Texas teachers and students, tell us how race and racism are taught in school

Students leave the classroom to work in the computer lab at Mata Intermediate School.

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After the systemic racism in American institutions was thrust into the spotlight last year, Texas lawmakers approved a controversial bill that restricts how teachers can talk about race and current events in public schools.

House Bill 3979 says that teachers can’t be compelled to discuss current events, and if they do, they must explore them without giving “deference to any one perspective.” It bars them from making civic engagement part of a course. The bill also emphasizes the teaching of “founding documents” and bans teaching about “The 1619 Project,” a Pulitzer Prize-winning project from The New York Times that examines the influence of slavery and racial exploitation throughout America’s history.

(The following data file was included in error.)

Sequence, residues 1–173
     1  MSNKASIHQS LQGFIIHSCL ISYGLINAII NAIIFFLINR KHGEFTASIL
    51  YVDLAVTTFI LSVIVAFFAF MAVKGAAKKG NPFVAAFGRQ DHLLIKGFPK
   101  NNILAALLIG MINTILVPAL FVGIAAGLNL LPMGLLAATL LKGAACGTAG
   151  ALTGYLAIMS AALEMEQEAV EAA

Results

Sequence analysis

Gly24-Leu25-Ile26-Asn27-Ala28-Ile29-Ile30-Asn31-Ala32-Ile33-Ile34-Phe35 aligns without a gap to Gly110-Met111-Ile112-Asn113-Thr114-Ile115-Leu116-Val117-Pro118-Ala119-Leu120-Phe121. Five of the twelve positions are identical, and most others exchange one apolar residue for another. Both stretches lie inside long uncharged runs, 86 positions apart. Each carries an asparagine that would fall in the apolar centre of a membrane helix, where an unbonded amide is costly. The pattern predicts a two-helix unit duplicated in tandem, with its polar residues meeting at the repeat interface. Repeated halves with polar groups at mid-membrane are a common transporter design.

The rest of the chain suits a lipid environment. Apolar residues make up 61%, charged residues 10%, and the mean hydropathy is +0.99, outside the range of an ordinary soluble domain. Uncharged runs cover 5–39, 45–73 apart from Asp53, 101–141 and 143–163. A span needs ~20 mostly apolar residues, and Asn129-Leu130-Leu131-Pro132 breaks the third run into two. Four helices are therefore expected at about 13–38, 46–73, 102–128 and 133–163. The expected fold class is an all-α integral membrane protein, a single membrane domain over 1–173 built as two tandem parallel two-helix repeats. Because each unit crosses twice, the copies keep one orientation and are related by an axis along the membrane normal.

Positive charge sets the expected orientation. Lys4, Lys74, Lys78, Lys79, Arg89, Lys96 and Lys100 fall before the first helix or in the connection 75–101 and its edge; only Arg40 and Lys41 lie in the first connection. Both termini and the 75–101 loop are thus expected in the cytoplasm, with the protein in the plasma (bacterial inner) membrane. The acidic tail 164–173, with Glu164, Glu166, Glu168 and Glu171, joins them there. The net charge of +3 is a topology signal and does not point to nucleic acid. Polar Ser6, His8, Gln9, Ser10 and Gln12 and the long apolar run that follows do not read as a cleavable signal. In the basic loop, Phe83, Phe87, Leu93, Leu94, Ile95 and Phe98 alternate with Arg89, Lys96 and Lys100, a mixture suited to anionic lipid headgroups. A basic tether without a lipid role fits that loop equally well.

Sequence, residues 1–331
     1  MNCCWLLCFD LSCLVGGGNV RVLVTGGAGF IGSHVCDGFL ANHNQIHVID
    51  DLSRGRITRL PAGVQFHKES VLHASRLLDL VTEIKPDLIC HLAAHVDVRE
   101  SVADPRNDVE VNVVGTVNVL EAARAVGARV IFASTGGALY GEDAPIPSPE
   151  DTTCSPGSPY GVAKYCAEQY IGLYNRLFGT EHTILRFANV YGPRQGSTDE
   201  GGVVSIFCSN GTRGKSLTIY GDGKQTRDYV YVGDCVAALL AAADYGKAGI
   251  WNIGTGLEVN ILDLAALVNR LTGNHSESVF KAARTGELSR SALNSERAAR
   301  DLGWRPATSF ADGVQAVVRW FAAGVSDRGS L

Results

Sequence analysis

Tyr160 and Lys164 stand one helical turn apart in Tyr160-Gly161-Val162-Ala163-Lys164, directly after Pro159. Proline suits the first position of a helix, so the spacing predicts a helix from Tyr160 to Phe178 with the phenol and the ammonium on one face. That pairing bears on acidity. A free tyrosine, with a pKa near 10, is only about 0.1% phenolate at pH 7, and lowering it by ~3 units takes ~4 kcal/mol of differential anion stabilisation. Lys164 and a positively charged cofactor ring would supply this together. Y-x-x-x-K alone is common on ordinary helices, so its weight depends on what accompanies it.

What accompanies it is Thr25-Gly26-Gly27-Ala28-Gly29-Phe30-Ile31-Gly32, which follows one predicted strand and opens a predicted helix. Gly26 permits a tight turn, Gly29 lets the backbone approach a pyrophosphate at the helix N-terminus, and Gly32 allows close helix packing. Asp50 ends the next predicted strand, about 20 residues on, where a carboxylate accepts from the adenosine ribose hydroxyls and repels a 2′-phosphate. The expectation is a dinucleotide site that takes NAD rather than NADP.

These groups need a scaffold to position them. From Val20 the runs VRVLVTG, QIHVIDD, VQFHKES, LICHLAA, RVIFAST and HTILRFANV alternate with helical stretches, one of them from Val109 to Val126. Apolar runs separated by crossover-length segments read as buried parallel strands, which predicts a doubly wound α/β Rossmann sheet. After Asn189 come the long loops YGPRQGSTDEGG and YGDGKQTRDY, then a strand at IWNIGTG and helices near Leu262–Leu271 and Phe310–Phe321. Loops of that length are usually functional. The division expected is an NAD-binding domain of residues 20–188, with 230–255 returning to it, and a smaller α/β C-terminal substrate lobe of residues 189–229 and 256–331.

Teachers have raised concerns about this legislation. Some consider it an effort to “whitewash” history while others worry it may have a chilling effect on teachers who want to teach history, English, science, math or music in a way that encourages critical thinking.

We’re working on a series of projects about how teachers and students teach and learn about race in Texas, what more needs to be done and what barriers the legislation may pose. Fill out the form below, and we’ll be in touch.

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